The Last Pollution Frontier

A “Halloween Hoot” party in the yard at our son’s elementary school was grossly too loud; and still too loud two blocks away(!) as I walked home. This led me to research and write this noise policy. The Board of the school adopted it; but at the second Halloween Hoot after adoption, the noise was back. Sound and its dangers aren’t real to most people; that’s why noise is “the last pollution frontier.”

School Noise Policy
Because we know that noise can harm our children and damage their hearing—

We will protect our children from any sound that forces people at normal conversational distances to shout to be heard, and

Our curriculum will include information about how noise can cause damage and how to protect oneself against it.


I have been bothered by how loud certain school functions are, and worried that they might damage our children’s hearing. Since the Halloween Hoot, I’ve spoken with half a dozen experts from universities and the U.S. Government, and summarize here what I learned from them. One thing is clear: If you must yell to be heard, your ears aren’t safe.

I learned that once hearing is damaged, it cannot be fixed; and that damage can occur without pain. About 10 million people in America have hearing losses due at least partly to loud noise; yet this type of loss can be completely prevented, sometimes even with the cheap foam earplugs sold at drugstores.

Hearing loss is so harmful and yet so preventable that experts recommend a comprehensive program of education directed toward school-age children. Children should learn that the first sign of damage is usually difficulty in understanding speech, such as mistaking “s” for “f”; for instance, confusing “fox” and “socks.” We all have this problem on the telephone sometimes, because of limitations of the phone system. But a person who has it in face-to-face conversations, and not just sometimes but routinely, may have hearing damage and should consult a doctor or audiologist.

Hearing loss from too much loud noise is called “noise-induced hearing loss,” or NIHL. A booklet from the National Institutes of Health tells what experts have to say about it. They say that a sound may be hazardous if while exposed to it you have difficulty in conversing (which I certainly had during the Hoot), or if afterwards you have ringing in the ear or notice that other sounds seem muffled. The experts say that if you can’t avoid such loud sounds, you should use ear protection.

Noise also has bad effects apart from hearing loss. It can raise adrenalin levels, disturb sleep, and cause anxiety. And the hearing loss, because it makes speech harder to understand, may itself cause the afflicted person to feel fatigue, anxiety, and stress. Because these feelings are unpleasant, the affected person may avoid them by participating less in various social activities, which in turn can affect friends and family members.

I told the experts that the Halloween Hoot was still loud two blocks away. I told them that while I was still at the Hoot and standing about 30 feet from the loudspeakers, I had to yell to be heard in conversing with a person just a couple of feet away.

I estimated the sound level where I was standing at 95 decibels (dB). (I did not have a meter with me, but I taught estimation of dB levels in my Caltech course.) One expert, Kenneth Fieth of the Environmental Protection Agency (EPA), said that, in his judgment, children exposed to 95 decibels for more than 2 hours may well suffer some permanent loss. (Remember that 95 was my estimate, not a measurement.) He added that where he lives in Maryland, schools have restricted levels at dances to 85 dB (in the loudest place in the room).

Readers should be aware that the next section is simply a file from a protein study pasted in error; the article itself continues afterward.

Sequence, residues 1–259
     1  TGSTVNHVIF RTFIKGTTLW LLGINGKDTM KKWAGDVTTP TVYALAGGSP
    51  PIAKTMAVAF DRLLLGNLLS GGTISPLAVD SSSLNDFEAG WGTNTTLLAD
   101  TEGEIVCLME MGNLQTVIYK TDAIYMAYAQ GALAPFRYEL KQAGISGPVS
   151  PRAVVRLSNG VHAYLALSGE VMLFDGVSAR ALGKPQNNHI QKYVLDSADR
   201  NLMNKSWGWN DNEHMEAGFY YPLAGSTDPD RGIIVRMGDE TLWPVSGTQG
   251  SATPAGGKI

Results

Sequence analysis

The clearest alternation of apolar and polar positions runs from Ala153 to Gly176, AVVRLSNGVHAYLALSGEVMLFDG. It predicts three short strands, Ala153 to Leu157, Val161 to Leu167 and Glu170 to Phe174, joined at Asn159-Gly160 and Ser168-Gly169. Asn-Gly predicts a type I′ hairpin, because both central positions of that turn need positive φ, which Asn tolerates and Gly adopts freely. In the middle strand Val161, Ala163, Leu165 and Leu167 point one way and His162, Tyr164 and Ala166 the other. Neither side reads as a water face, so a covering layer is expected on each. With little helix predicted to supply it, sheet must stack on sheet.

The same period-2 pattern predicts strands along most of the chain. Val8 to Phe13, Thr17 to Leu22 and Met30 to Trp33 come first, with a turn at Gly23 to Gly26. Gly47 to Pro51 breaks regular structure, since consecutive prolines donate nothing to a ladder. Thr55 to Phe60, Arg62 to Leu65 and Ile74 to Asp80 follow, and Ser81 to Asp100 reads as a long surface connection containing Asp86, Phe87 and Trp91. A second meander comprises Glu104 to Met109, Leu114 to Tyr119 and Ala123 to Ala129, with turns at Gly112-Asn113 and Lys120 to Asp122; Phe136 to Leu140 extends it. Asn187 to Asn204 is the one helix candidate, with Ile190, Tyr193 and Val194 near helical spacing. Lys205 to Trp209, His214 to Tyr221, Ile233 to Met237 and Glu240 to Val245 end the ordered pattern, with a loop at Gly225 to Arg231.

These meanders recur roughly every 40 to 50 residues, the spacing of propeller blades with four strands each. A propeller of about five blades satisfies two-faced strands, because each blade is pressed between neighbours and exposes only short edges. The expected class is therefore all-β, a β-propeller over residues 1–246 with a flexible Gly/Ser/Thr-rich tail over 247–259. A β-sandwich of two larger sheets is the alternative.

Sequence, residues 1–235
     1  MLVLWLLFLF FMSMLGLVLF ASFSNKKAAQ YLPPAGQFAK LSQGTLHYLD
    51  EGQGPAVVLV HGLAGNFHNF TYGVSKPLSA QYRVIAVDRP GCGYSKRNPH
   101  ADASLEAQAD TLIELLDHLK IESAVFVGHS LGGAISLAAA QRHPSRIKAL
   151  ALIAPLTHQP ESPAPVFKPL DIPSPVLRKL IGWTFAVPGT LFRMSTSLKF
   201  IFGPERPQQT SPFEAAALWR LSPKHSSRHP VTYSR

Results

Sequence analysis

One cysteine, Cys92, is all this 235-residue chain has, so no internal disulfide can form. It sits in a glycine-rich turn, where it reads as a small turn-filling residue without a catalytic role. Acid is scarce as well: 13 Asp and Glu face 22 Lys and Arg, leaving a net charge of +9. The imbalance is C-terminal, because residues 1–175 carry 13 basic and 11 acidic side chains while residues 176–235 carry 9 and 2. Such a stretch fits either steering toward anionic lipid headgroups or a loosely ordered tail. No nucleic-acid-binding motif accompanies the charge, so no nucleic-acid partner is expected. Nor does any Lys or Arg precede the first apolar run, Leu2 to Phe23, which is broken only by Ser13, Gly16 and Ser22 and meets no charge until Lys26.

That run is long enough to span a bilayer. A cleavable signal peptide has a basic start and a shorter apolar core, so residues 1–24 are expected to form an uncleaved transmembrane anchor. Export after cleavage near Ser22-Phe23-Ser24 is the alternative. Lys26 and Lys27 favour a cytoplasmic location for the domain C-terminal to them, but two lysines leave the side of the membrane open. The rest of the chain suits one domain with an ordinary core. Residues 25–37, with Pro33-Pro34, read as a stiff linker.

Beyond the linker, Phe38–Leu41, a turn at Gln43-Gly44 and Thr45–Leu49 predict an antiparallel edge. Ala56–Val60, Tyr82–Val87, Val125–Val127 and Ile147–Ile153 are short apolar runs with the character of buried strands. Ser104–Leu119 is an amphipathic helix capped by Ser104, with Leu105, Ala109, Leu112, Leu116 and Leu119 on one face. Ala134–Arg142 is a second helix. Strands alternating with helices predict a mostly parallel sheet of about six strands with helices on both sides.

On the other hand, W. Dixon Ward, of the University of Minnesota Center for Communication Disorders, thought that the Hoot was unlikely to have caused permanent loss, but agrees that if you have to yell to be heard, that’s not a good thing.

Long ago I heard a talk by Harvard Professor von Bekesy, who won a Nobel prize for his work on the ear. He said that in his opinion, continued exposure to any sound louder than ordinary conversation caused permanent damage to the ear.

There are two reasons for the lack of perfect agreement among the experts. First, people’s sensitivity varies. Second, for ethical reasons, one can’t carry out the tests that would show definitely how much damage is caused by how much noise.

One thing however was agreed upon by everyone: If you have to yell to be heard, your ears aren’t safe.

Sources: I conducted many hours of phone interviews with various experts. The booklet I mention was Noise and Hearing Loss, Consensus Statement of National Institutes of Health (1990), formerly available from the Office of Medical Applications of Research, National Institutes of Health, Building 1, Room 260, Bethesda, MD 20892.

Technical note: An inexpensive “Sound Level Meter” lets a child or adult learn a lot about sound levels quickly and enjoyably. Analog display is more useful than digital. Radio Shack no longer sells theirs, but this Extech looks similar.

Guide to decibels: Ordinary conversation is about 65 or 70 decibels at a listener’s ears. When the sound gets 10 dB louder, it seems about twice as loud; decrease it by 10 dB and it sounds about half as loud. Federal standards allow workers to be exposed to 90 dB for 8 hours per day, or 100 dB for 2 hours per day. Continued exposure to 75 dB is unlikely to harm anyone (says the booklet), but continued exposure to sound above 85 dB cannot be guaranteed harmless, while at 120 dB even one instant of sound may cause permanent damage. Those wanting more information about decibel measurements can read an introduction I wrote for my Caltech students.

Copyright © James Boyk 2013. All rights reserved.
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